Just in time for Christmas, the U.S. Army has received two Robotic Combat Vehicle-Light unmanned ground vehicle prototypes (RCV-Ls) by American firm Pratt Miller. We know this because the firm tweeted this lovely picture of the RCV-Ls with big red bows on them.
RCV-L's 3 and 4 were delivered to GVSC today, 2 weeks ahead of schedule. This completes the full contracted delivery of Robotic Combat Vehicle - Light in preparation for 2021 testing and experimentation. #Army #QinetiQ #RCV #Robotics pic.twitter.com/oqgMpCXQ89— Pratt Miller (@PrattMiller) December 18, 2020
Pratt Miller has been working on the two potentially revolutionary vehicles with U.K.-headquartered defense contractor QinetiQ. The firms were awarded the contract for the development of the RCV-Ls back in January according to Defense News.
"Robots have the potential to revolutionize the way we conduct ground combat operations,” Brig. Gen. Ross Coffman, director of the NGCV CFT, had said back then in a statement acquired by Defense News.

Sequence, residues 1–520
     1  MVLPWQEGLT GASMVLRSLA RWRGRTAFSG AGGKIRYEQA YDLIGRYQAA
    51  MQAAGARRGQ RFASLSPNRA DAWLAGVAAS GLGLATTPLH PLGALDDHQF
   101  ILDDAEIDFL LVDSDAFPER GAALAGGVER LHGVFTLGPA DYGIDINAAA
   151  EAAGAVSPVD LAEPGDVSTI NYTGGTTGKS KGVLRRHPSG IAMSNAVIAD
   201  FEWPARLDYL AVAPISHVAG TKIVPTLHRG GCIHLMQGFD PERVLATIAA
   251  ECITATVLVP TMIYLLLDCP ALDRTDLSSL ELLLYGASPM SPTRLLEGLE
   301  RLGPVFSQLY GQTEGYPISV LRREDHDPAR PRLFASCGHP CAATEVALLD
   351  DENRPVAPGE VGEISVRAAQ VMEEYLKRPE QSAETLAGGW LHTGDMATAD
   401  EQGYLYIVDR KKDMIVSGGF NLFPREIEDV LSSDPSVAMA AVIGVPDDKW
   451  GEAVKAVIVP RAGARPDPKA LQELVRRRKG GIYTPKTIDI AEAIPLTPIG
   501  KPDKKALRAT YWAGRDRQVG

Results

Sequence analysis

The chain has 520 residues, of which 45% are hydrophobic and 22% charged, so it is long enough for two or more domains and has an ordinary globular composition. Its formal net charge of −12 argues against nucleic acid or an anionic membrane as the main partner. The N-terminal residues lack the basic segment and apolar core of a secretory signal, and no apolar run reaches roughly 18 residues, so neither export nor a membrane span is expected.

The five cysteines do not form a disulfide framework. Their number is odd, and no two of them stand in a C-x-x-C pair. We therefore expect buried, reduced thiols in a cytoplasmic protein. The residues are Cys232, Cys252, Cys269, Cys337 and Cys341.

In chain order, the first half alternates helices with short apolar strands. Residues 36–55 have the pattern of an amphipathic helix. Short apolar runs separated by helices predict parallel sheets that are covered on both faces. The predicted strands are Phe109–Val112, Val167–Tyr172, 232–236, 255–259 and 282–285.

“Whether that’s giving increased firepower to a dismounted patrol, breaching an enemy fighting position, or providing [chemical, biological, radiological, nuclear and explosive] reconnaissance, we envision these vehicles providing commanders more time and space for decisions and reducing risk to soldiers.”
As the army wanted its RCV-L contenders to weigh under 10 tons, both the new vehicles are around seven tons. The vehicles are hybrid-electric designs that offer fuel economy, another very desirable aspect for the army.
The vehicles can operate under the control of a human or in semi-autonomous modes. They are also equipped with rubber band tracks that are superior to typical tracks as they are quieter, can handle all kinds of terrain, and are faster too.
This is not the first time the army receives these advanced prototypes. The contract was for four vehicles and the first one was delivered in November while the second came earlier this month.
"This is an important step forward for the RCV enterprise and, more importantly, for our Soldiers," had said Brig. Gen. Ross Coffman, director of the Army's Next-Generation Combat Vehicles Cross-Functional Team at the time of the first delivery.
"We look forward to getting this prototype into the hands of our Soldiers and getting their feedback on how we can best utilize Robotic Combat Vehicles in defense of our great nation."